Web Dynpro: MVC Architecture
(Second article of the series: Web Dynpro) When SAP decided to follow MVC Architecture for , it was a great hit with Java based applications. It became proven path for business applications. There are great advantages offered by the paradigm.
MVC or Model-View-Controller architecture helps in organizing complex projects through easy development and maintenance while protecting important data. What is it and how it does that?
If you are a beginner comparatively, you can understand it by imagining through the following discussion. If you have built or supported business applications not based on this paradigm, you are already aware of the limitations as a result of the complexities involved.
Applications built using the normal approach have all these pieces mixed together: the logic for displaying a screen (with fields, radio-buttons, etc.), accepting the user input, executing business logic and displaying data output. Such an application is difficult to develop as the developer is juggling all these pieces at any point of time.
Next comes the maintenance part. Knowing that everything is interwoven making changes to the say, display logic may affect (and wreck) the business logic and the vice versa. Given the complexity, it will require great care and development resources to not only develop such application systems but to maintain also and will require highly skilled developers.
Remember our original question (in bold letters up). Here is the answer - MVC architecture is a design pattern which helps in decoupling data presentation and application logic. Breaking down the overall application into the layers of data presentation and business logic turns the table and eases out the complexity.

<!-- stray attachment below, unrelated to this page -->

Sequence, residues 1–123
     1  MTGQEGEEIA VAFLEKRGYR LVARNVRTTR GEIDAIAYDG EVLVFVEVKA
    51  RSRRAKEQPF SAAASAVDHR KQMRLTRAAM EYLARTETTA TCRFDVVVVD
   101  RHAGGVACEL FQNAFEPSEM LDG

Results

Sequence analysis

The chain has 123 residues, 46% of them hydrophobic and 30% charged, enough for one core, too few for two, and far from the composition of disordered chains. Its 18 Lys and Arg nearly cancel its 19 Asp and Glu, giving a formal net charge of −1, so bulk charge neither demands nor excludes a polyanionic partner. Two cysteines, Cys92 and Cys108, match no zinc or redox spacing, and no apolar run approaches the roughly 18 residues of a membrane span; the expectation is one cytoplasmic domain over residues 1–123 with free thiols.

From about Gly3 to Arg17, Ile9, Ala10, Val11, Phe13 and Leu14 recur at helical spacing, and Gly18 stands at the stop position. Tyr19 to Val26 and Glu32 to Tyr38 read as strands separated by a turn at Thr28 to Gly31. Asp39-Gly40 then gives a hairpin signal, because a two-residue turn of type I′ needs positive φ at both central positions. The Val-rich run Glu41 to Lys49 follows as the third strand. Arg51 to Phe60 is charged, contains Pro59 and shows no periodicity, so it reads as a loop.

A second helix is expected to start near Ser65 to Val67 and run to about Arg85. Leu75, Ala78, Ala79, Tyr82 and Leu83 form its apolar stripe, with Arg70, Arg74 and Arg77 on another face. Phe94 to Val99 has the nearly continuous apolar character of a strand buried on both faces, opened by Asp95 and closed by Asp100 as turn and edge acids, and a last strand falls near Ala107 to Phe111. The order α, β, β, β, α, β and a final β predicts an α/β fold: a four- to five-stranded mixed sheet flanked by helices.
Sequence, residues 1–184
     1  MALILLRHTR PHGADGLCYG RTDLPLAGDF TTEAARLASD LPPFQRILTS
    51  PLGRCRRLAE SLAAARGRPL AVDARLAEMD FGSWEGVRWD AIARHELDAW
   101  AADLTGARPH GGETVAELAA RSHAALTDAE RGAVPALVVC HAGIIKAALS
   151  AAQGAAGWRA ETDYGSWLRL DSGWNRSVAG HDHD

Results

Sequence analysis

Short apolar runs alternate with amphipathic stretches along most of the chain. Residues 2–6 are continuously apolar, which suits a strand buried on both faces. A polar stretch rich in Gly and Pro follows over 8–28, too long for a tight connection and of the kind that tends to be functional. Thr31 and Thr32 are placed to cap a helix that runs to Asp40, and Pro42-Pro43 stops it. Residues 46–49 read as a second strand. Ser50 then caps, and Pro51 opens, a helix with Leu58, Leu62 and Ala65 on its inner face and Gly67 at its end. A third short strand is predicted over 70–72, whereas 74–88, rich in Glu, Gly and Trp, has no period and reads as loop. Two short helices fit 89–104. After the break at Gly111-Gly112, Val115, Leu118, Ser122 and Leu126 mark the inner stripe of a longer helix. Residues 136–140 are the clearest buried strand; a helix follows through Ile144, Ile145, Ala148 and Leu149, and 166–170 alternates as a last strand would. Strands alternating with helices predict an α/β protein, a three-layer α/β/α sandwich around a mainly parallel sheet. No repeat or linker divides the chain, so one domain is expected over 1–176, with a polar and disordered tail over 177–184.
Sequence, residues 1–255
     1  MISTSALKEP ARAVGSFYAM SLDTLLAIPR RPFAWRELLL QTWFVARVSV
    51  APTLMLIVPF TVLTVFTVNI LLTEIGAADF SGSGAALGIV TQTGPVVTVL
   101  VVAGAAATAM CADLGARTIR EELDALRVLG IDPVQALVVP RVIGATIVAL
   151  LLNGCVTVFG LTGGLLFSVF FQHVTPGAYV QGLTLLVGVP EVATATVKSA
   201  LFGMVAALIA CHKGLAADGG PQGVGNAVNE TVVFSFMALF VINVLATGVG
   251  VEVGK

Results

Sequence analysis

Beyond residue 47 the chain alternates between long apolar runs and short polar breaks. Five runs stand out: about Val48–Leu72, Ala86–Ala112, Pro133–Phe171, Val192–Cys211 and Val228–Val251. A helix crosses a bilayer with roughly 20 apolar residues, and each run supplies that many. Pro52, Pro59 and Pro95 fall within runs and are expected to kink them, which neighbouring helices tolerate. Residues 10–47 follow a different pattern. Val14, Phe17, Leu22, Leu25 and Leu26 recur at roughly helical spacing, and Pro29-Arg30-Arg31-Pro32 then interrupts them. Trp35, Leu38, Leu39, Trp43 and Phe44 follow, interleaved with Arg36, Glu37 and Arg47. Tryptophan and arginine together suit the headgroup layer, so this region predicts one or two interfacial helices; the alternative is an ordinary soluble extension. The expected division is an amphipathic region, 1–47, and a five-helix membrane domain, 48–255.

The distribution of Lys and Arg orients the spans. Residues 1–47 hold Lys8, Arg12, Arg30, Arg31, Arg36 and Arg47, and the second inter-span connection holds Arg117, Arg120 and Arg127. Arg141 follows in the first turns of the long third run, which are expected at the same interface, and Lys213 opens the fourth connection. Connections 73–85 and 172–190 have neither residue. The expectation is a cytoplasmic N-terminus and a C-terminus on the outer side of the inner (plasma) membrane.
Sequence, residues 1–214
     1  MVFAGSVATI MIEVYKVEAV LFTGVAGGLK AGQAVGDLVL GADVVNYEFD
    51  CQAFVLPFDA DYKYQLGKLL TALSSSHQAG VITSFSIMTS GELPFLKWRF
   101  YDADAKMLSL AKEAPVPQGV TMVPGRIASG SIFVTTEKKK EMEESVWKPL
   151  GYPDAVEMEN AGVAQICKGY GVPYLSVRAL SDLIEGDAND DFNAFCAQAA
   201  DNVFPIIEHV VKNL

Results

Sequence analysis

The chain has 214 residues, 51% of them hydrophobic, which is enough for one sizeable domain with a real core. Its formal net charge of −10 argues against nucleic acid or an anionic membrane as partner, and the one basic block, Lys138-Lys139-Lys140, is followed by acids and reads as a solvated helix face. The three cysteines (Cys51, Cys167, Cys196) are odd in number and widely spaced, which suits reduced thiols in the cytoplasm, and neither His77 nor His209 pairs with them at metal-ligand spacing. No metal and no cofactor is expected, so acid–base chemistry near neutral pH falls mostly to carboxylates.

The following sketch describes the concept in a simplified form:
The controller program facilitates the interaction between the user and other components. The view component makes the user interface – the visual part. The model component is where the business logic resides – retrieving data for user input, processing it and passing it to View via Controller.
...For the use of MVC architecture in real life applications, I will quote example of java based enterprise applications. If I am not wrong they were the first ones to use MVC architecture and because the language provided that flexibility and suitability.
To understand how MVC paradigm can be implemented in the Java based applications, let us consider an example: View component may be developed using JSP by the web developer and Model component by a java programmer who may be further using Java beans (worker beans) to perform certain tasks like fetching data from database and processing it.
The above one is a classical example of division of not only components but development labor too. The Java developer is not bothered about the visual part designed and developed by web programmer(which is done independently without awareness of the business logic) and vice versa. The web developer just needs to use the developed java application to pass the user inputs and accept its outputs as parameters. Simple!
In SAP, the division is not same as Java applications. There is no division of labor. It's the ABAP developer who is responsible for the development of both View and Model. But SAP kept the development of Web dynpro application relatively programming free by introducing a development environment full of visual elements.
Using the elements like user input field, radio-button, check-box, etc in a development project is just drag and drop and selecting their attributes. The developer can easily build a user interface without writing any code (or minimum code in some cases). So s/he can primarily focus on development of business logic which should ideally be the case.
SAP dynpro technology came from the era of procedural programming and suffered from mixing of application logic, UI logic and screen-control all in one place.
Web dynpro technology overcame this drawback and in long-term, it will supersede the traditional dynpro in SAP ABAP landscape.